Section Two: Special Situations
Part Two of Three in Project Inform's "What You Should Know About When to Start and What Meds to Use" Booklet
Not all HIV meds have been studied as well in women. For instance, it's not always well understood how female hormones interact with HIV meds. Despite this, treating HIV is pretty much the same for women and men, aside from the areas described below.
However, what often isn't talked about in a doctor's office are the things that can get in the way of women taking good care of their HIV and general health. Many women look after other people first before doing those key things that keep them healthy. This includes taking meds, getting to regular doctor visits, eating well, getting good sleep, and keeping active with hobbies.
If this sounds like your life, then it opens you up to some of the issues detailed in other parts of this booklet. The bottom line: your health matters. And if you're taking the best care of yourself as you possibly can, then you're also probably doing the best for others in your life.
Many HIV meds, mostly protease inhibitors and NNRTIs, can interact with hormonal birth control pills (those with ethinyl estradiol, norethindrone). These interactions can change how well the birth control pill or HIV meds do their jobs. In this case, women may consider other HIV meds or use another form of birth control instead of, or in addition to, the pill.
Periods and Menopause
Heavy, painful or irregular periods may occur with some HIV meds, including some protease inhibitors. Report any changes you notice to your doctor.
Women can lose about 5% of their bone mass during menopause. Combine that with the bone loss that can happen from taking HIV meds, from aging or from being inactive, and this can lead to fractures and broken bones. Talk to your provider about your options for prescriptions that help maintain bone health.
Some studies show that women with more advanced HIV disease may go through menopause at an earlier age, although other studies do not.
We know a great deal about how to safely prevent HIV being passed during pregnancy and birth. The topics below should be considered and discussed with your doctor when taking HIV meds leading up to and during pregnancy.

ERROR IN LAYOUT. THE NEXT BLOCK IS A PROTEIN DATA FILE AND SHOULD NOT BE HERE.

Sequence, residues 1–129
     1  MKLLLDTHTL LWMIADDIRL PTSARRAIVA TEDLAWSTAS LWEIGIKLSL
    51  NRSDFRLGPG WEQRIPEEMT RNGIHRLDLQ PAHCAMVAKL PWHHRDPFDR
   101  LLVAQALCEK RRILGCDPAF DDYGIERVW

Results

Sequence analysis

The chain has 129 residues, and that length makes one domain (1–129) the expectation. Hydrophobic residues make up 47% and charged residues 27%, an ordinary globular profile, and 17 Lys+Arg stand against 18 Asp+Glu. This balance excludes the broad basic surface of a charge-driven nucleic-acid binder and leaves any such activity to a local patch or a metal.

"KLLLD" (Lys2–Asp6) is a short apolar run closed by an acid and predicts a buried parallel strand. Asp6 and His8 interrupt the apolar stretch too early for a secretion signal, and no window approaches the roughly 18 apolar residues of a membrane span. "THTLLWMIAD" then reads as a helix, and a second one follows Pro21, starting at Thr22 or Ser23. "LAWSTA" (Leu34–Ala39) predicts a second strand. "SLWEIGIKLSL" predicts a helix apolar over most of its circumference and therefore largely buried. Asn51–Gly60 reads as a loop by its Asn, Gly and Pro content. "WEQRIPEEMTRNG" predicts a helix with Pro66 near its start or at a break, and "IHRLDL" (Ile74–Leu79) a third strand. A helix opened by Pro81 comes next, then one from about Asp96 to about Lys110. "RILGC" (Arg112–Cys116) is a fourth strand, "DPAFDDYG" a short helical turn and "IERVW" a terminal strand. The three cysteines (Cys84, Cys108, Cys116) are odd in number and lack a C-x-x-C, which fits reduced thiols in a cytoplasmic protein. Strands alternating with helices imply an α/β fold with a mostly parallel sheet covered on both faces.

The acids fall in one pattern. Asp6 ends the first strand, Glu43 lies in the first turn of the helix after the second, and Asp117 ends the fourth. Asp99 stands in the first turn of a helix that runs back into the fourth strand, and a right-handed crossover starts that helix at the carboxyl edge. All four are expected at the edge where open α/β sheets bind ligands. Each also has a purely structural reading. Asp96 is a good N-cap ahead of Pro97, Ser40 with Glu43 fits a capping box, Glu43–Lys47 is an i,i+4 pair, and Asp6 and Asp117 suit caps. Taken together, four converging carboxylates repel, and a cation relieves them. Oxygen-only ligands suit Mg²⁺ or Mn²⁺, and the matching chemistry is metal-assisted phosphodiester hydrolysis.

Ensuring the mother's health:
Protecting the baby:
Whether or not the woman is taking HIV meds, the virus can be found in breast milk and may be passed to the child during breast-feeding. HIV meds may also be passed. Therefore, the US Guidelines recommend that mothers use formula to feed newborns. Women should consult experienced maternity doctors to figure out their options. Accredited national or local breast milk banks may also help and may meet the infant's need for breast milk.
It's not uncommon for people to drink or use recreational drugs. For some, this isn't an issue for them socially or medically. However, drinking or using drugs can change how well your HIV meds work.
Most health care providers recommend that the average man should have no more than two drinks per day. Women should have no more than one.
People who drink more than that -- or who binge (4 drinks for women and 5 for men within 2 hours) -- are at a higher risk for accidents, STDs, mental health problems, and diseases of the liver, heart and brain. As for recreational drugs such as ecstasy and ketamine, they can cause severe reactions with HIV meds, including heart attacks, hepatitis, paranoia and death.
That all probably sounds alarming, but we've mentioned it because it's a real issue for some people. As well, there are other reasons why it's important for HIV-positive people to drink responsibly and to limit their drug use, which includes what's below.
If you drink regularly or use drugs, you will probably have a harder time remembering to take your meds. As we've mentioned often in these booklets, not taking your HIV meds as prescribed can cause them to stop working and limit your treatment options.
On its own, HIV can be hard on the liver. And 1 out of 4 HIV-positive people also have hepatitis C, which can greatly hurt liver health as well. Adding alcohol or certain recreational drugs can make things even worse. You can help your liver stay healthier longer by not using drugs or not drinking too much or any alcohol.
If you're not successful with cutting down or cutting out your alcohol or drug intake on your own, ask your health care provider or case manager for help. There are many kinds of programs that can support you while you stop drinking or drugging.
Main Points to Remember
More From This Resource Center
This article was provided by Project Inform. Visit Project Inform's website to find out more about their activities, publications and services.
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